If you’re looking for a one-stop shop for music to sing to, movie tickets to win, or the latest on a chicken who ran around with his head cut off for nearly two years, look — or rather, listen — no further than “The Night Shift with Paul Crutcher.”
Crutcher is about a month into his newest gig as a night show radio host at Sunny 103.5. Listeners can tune in every weekday from 7-10 p.m. for what Crutcher considers “a community radio like community radio should be.”
Crutcher’s sense of community stems from years of working in the radio industry. At age 16, he whet his appetite in radio playing records for a friend’s parent’s radio station on Saturdays. Radio has come a long way since that time, when radio hosts had to have records on tap, he said.
After high school, Crutcher attended Lake Land College in Mattoon, Illinois and graduated with an associate degree in radio and television broadcasting. In 1998, he and his wife moved to Greenwood, a place he said “feels like home” after living here for 20 years.
Four years after moving to Greenwood, Crutcher was hired by Lander University, where he continues to work as a broadcast and emerging media specialist. He also serves as the general manager of the campus radio station, XLR, which had more than 100 active student DJs last semester. Being involved with this student organization, Crutcher said, has allowed him to watch a number of students go on to work at big-name radio stations like “Radio Disney” and “iHeartCountry.”
“It’s cool for me to be able to give back and watch students do what I did,” Crutcher said.
Brooke Taylor, a former student of Crutcher’s who now works at “Big 95.5” in Chicago, said, “If it weren’t for Paul, I’d have never even started radio. ... I’m so thankful for someone who is so passionate about radio, to have been able to learn from him at such an impressionable time in my life.”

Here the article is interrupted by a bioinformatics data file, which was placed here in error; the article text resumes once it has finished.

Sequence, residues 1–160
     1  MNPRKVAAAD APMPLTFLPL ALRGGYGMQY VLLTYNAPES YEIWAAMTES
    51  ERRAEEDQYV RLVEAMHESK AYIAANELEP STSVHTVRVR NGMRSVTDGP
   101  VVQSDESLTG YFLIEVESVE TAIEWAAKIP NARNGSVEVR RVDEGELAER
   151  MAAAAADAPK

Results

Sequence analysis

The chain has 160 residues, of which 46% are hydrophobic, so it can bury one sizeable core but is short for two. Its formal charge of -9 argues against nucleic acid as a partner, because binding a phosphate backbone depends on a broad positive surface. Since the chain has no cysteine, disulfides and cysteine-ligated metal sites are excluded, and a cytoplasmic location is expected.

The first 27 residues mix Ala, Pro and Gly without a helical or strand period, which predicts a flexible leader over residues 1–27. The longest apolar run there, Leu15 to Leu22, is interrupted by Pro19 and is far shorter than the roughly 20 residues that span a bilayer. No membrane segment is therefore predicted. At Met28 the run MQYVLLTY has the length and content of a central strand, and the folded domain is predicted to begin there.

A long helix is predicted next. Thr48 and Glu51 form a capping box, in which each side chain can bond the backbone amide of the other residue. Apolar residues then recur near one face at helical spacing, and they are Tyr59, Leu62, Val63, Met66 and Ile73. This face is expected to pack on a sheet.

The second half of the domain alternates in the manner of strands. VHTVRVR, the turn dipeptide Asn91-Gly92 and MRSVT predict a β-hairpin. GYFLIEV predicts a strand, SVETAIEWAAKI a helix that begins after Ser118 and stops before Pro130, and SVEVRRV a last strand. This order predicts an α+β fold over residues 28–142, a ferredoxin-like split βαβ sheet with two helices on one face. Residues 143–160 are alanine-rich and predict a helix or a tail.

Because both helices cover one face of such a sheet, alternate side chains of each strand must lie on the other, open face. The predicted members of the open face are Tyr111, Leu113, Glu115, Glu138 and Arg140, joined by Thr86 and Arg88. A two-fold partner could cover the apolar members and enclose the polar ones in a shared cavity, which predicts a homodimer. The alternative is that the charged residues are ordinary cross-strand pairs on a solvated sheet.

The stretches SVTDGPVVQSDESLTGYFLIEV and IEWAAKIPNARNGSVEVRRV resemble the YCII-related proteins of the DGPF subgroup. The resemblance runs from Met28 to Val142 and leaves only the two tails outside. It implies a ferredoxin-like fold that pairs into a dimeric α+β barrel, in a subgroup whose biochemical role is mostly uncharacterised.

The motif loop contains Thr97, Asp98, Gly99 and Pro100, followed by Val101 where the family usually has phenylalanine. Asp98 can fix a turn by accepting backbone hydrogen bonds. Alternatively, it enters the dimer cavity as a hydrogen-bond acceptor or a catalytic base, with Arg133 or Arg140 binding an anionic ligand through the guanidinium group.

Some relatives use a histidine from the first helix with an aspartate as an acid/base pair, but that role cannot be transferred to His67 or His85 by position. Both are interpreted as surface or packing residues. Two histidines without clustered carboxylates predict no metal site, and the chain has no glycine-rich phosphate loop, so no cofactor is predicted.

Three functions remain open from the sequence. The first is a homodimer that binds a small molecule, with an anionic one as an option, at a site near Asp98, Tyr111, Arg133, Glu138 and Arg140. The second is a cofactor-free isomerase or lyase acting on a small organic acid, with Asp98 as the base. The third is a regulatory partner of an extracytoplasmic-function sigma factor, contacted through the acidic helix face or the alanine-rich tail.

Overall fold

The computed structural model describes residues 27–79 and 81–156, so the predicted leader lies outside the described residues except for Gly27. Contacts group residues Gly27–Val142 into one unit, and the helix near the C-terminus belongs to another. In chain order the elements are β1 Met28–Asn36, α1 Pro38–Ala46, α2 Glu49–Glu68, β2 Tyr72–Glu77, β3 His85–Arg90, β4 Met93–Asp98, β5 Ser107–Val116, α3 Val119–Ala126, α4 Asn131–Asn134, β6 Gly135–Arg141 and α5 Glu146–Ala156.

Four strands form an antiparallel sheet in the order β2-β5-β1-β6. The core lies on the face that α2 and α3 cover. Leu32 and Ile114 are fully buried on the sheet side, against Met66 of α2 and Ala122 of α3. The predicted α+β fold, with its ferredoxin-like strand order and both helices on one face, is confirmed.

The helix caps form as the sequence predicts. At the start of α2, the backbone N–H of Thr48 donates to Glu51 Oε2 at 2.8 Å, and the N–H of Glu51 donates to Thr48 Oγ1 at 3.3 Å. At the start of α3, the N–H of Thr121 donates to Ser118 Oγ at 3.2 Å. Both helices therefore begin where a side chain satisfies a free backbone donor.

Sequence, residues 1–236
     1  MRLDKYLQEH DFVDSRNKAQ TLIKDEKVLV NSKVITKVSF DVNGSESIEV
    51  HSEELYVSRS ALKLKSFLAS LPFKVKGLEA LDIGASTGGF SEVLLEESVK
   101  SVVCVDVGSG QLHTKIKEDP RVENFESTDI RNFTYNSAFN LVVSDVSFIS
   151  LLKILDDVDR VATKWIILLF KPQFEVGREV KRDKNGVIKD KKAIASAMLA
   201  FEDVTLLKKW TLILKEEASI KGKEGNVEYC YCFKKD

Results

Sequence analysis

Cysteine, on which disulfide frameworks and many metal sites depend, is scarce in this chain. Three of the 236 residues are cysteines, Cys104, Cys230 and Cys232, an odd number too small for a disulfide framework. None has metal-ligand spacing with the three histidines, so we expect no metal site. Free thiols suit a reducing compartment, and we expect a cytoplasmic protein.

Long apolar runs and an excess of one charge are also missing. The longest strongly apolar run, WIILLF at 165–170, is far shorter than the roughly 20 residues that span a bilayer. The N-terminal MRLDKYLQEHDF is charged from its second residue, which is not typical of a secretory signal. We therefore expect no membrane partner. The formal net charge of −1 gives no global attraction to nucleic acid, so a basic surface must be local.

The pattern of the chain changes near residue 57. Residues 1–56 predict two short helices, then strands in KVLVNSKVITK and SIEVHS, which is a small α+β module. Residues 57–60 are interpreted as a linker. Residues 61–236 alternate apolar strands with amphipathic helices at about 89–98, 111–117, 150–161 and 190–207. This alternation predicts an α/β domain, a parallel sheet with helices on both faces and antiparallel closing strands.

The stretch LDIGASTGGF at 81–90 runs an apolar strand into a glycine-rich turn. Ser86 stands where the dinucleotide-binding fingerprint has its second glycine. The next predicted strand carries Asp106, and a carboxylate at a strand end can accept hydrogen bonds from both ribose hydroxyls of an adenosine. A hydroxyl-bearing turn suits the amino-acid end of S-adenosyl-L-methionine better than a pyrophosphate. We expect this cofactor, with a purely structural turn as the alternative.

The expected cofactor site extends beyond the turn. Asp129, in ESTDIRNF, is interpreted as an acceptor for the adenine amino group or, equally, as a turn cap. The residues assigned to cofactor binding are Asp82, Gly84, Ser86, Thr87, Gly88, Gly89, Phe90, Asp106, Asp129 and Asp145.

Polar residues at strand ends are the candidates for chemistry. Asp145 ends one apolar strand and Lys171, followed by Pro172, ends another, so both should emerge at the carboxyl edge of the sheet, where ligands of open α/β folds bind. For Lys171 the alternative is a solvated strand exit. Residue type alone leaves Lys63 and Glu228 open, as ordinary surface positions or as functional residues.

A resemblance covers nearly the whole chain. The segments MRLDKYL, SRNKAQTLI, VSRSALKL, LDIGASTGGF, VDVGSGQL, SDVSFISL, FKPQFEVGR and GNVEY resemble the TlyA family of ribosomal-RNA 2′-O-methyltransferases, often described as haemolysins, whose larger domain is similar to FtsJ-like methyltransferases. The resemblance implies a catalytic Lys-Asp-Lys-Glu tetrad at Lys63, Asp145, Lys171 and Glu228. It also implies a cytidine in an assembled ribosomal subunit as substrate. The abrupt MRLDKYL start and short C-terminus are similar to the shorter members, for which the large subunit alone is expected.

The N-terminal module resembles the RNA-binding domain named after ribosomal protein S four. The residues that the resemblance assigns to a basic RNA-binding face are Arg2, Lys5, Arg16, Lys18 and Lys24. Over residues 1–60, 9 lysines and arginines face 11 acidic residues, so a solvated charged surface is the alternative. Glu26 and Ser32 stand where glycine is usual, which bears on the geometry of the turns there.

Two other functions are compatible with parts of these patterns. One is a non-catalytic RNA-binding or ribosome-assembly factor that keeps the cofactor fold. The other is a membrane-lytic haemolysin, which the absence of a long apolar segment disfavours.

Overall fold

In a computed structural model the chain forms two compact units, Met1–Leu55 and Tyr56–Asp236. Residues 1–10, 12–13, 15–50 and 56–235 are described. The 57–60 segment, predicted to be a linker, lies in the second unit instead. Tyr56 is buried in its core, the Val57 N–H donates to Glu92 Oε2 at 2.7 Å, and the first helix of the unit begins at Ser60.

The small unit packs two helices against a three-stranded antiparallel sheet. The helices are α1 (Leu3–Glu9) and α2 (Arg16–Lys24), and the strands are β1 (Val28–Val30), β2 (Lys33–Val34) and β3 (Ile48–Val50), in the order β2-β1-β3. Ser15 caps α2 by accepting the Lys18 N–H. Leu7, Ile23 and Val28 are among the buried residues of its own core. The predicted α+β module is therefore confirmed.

Crutcher’s job as a Sunny 103.5 radio personality came about after Dave Fezler, another host for the station, asked Crutcher to fill in for him for a few dates in September. Crutcher countered with a proposition of his own: hosting a night show, and thus “The Night Shift with Paul Crutcher” was born.
Fezler said Crutcher’s show is doing well and has had “tremendous response” from listeners.
In the minutes before the clock strikes 7 p.m. at the Sunny station, Crutcher pulls songs for the evening’s playlist, reviews notes, checks weather updates and scrolls through social media for any song requests or funny stories to share.
When the countdown is over and the show begins, Crutcher’s energy is explosive. As the night gets started with a welcome, opening song and a preview of what’s in store for the evening, his whole body gets into the mood: foot tapping, head bobbing, lips humming, headphones on and the crowd goes wild — or do they? Although he said he never knows how many listeners he has — “it could be 100 or 1,000” — he believes “personality should improve the experience of listening.”
Personality, he explained, is something that an iTunes, Spotify or other automated playlist can’t offer. Local radio, he said, will always survive because of the personality it offers.
In addition to personality, Crutcher said, radio is about community. Part of his job as a radio host, he said, is to bridge the gaps between local advertisers, businesses and listeners.
One way of doing this, as he demonstrates during his show, is by talking and responding to his listeners as if they were in the room with him. On a given night, Crutcher might start off the show with a hearty “Welcome, it’s nice to have you here,” a greeting that immediately emits an air of hospitality on a personal level.
During the show, Crutcher laughs — sometimes at his own jokes to cue listeners in on his sense of humor — slides suggested songs from listener requests into the queue and answers calls for giveaways and contests such as the “Super Song Scramble.”
Though a large portion of Crutcher’s job as the host of “The Night Shift with Paul Crutcher” is to organize a good playlist — ranging from Barry Manilow to Taylor Swift — his energy in the radio room speaks to the joy he finds in interacting with his listeners.
Meghan Daniel is an intern with the Index-Journal. She can be reached at email@example.com or 864-943-5648.